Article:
6. After installation (before reboot) modify /etc/X11/xorg.conf in the same way you did for live
UPDATE ubuntu 12.10 11/21/2012 : according to launchpad a fix has been added to quantal-proposed. Since it is just a hack to use fbdev (totally unaccelerated) driver I still consider Ubuntu 12.10 not recommendable and I won't even try this update (not worth the time for me given the best attainable results). At this point I am afraid that the situation will stay like this for a long time, if not for good.

STATUS ubuntu 13.04 onwards: the resolution is correctly set, but it uses unaccelerated drivers. It's good only for basic desktop use and low res video, only at native resolution, not fullscreen. Not recommended.

Installing the drivers

All following commands are meant for a root terminal, as usual they can be executed using sudo instead.

We first have to install the drivers:
apt-get install cedarview-graphics-drivers libva-cedarview-vaapi-driver cedarview-drm
It will take around 10-15 minutes. If it complains about missing packages you have two options:

  1. (recommended) Open Synaptic Package Manager, then Settings/Repositories, in the Update tab check precise-update and close, then Reload.
  2. Add just this drivers' PPA:

apt-add-repository ppa:sarvatt/cedarview
apt-get update

The following step could be Lubuntu specific, but it only takes a minute to check:
cd /etc/lightdm/
If  lightdm.conf and lightdm.conf.cedarview-drm are different, you have to copy the second one over the first one, otherwise you will get a strange "broken pipe" error:
mv lightdm.conf lightdm.conf.old
mv lightdm.conf.cedarview-drm lightdm.conf
IMPORTANT UPDATE: it seems that lightdm support in Lubuntu for this drivers is really bad; I recommend using gdm instead, otherwise anytime you update the kernel or the drivers you are at risk of having that broken pipe issue. To do this you just have to install the "gdm" package and select "gdm" when it gives you the choice.
apt-get install gdm 
dpkg-reconfigure gdm
The next step depends much on which model you use; for the eeepc 1025C there should be no adjustment to make.
If at reboot your computer is stuck in text only mode (it doesn't open the GUI login), open a text shell by pressing CTRL-ALT-F1, login as usual and become root:
nano /etc/default/grub
find the line:
and try adding between the double quotes:
 update grub and reboot:
If you want  to try different configurations (like different values after LVDS- ) without changing permanently the grub configuration, you can press e at the boot menu and put the options you want near "quiet splash"; then when you have found the right you can change grub configuration.

Important note:
Those drivers are not compatible with PAE kernel, so better double check you don't have one:
sudo apt-get install linux-headers-generic linux-image-generic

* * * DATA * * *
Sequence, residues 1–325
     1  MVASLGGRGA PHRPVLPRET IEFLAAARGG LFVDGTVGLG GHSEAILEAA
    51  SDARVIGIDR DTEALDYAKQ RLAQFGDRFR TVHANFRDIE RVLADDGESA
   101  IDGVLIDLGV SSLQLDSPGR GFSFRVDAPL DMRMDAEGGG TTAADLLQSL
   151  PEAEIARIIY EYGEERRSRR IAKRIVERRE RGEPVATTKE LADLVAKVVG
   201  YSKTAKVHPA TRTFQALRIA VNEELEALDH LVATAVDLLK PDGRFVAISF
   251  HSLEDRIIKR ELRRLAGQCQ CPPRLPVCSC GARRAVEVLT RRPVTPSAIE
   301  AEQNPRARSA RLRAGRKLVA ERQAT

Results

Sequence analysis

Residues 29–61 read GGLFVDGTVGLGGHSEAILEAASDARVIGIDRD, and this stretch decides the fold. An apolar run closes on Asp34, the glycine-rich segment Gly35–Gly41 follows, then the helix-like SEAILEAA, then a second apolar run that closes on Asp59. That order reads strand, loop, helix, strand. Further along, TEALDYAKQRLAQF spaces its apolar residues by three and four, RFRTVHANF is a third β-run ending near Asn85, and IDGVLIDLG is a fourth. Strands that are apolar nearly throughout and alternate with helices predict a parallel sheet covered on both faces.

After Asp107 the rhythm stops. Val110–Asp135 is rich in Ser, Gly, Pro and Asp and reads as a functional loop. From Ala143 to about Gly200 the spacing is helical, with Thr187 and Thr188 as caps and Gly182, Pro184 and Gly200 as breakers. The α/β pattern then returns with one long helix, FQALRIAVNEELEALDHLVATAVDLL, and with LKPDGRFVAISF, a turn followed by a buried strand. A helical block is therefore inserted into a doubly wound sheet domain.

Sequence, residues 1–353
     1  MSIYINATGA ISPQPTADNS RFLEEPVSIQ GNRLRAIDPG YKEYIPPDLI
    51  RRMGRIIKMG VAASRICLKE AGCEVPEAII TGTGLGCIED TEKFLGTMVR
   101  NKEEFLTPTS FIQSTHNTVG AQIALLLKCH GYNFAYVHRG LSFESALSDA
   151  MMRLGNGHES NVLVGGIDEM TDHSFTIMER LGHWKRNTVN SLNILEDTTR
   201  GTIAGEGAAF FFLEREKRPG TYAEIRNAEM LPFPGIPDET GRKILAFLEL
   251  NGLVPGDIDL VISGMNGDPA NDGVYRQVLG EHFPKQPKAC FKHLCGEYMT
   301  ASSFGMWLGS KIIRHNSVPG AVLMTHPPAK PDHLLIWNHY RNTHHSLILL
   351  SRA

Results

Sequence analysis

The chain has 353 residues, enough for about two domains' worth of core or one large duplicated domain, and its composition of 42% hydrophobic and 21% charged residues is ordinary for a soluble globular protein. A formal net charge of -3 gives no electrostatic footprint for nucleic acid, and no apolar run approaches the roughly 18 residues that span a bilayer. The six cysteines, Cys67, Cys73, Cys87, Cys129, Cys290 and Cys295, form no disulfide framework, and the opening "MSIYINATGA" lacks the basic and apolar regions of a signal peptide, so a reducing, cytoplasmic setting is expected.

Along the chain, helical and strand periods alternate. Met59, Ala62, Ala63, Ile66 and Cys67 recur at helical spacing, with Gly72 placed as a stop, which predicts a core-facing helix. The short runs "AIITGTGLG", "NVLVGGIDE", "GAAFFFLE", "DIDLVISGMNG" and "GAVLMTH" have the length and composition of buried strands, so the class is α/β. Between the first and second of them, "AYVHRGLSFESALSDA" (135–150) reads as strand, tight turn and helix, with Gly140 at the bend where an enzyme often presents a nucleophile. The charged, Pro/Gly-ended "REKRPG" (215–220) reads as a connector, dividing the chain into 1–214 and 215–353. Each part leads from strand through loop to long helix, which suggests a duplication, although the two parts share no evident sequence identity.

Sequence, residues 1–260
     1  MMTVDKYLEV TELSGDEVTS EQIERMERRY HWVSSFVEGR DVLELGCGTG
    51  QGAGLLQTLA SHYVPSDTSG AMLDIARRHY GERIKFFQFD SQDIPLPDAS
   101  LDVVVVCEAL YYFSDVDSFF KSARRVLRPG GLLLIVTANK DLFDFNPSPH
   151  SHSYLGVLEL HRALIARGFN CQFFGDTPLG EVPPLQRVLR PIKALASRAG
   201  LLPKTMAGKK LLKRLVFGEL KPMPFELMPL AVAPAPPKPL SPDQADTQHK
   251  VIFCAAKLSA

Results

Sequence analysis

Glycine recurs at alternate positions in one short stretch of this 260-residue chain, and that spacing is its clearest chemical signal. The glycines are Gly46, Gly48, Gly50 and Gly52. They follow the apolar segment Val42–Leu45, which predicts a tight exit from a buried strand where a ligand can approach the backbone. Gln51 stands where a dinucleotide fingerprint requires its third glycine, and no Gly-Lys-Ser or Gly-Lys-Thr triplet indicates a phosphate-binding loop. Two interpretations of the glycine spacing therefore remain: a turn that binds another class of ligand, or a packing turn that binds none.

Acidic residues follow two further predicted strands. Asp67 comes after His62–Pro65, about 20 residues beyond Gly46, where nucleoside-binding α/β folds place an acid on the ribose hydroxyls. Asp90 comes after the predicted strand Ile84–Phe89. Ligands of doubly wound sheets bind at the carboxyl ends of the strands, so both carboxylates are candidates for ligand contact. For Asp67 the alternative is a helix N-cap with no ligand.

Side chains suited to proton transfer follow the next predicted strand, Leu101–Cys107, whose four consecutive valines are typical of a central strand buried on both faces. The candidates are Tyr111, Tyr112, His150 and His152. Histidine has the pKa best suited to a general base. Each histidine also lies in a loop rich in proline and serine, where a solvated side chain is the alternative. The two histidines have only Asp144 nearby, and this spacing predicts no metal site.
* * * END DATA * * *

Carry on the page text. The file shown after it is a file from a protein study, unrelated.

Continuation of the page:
sudo apt-get remove linux-headers-generic-pae linux-image-generic-pae
 really get rid of it (source

find out name of correct operating system kernel (one without pae) dpkg --list | grep linux-image
purge the rest of them using
sudo apt-get purge (paste the names from the above command in one at a time, except for one you don't wish to zap)
sudo update-grub2

At this point you will be able to play 720p videos at around 30% CPU use; that means that you won't have full video acceleration on linux yet (in windows you can do the same with less than 10% CPU), but the system is fully usable and is overall much more responsive because it uses much less RAM. 1080p video will play, but will be quite stressing for the CPU, see next pararagraph to learn how to do far better :-)
I also tried the game Battle for Wesnoth and it works a little faster than the windows version; I didn't try 3D games but I wouldn't expect much from those anyway.
UPDATE: games don't play well...

All hotkeys, WI-FI and suspend work great, the only problem I had is that, when you suspend the computer, AFP shares stop working and you have to reset them on the command line; I think this is more of a PCManFM issue than a graphics drivers one, but maybe there is a workaround.

Install vaapi accelerated mplayer

As I told videos play ok so far, but the full capabilities of the graphic chip are not yet exploited; time to install a mplayer version which will fully use those drivers' power.
apt-add-repository  ppa:sander-vangrieken/vaapi
apt-get update
apt-get install mplayer-vaapi 
It will tell you it conflicts with mplayer2 (it's ok to remove it) and it will install a few dependencies; this is the vaapi enabled version which will use GMA3600 hardware decoding, it may be a little less stable than the no-vaapi version, but I think the performance gain is well worth a few crashes once in while.
Last step: open Gnome Mplayer and go to Edit/Preferences, Mplayer tab (any other mplayer frontend should have a similar tab or a way to configure mplayer) and in the "Extra Options to Mplayer" field add:
-vo vaapi -va vaapi
and close.
Now you have full acceleration: 720p video play with 3-4% CPU use and 1080p are well below 10%!